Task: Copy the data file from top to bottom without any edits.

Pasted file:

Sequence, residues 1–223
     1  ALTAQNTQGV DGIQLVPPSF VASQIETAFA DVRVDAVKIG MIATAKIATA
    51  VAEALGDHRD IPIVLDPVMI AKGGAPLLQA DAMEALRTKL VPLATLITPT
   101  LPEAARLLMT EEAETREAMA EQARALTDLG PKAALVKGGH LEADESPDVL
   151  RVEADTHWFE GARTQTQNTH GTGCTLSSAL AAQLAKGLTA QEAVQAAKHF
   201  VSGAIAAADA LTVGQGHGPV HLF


Sequence, residues 1–223
     1  ALTAQNTQGV DGIQLVPPSF VASQIETAFA DVRVDAVKIG MIATAKIATA
    51  VAEALGDHRD IPIVLDPVMI AKGGAPLLQA DAMEALRTKL VPLATLITPT
   101  LPEAARLLMT EEAETREAMA EQARALTDLG PKAALVKGGH LEADESPDVL
   151  RVEADTHWFE GARTQTQNTH GTGCTLSSAL AAQLAKGLTA QEAVQAAKHF
   201  VSGAIAAADA LTVGQGHGPV HLF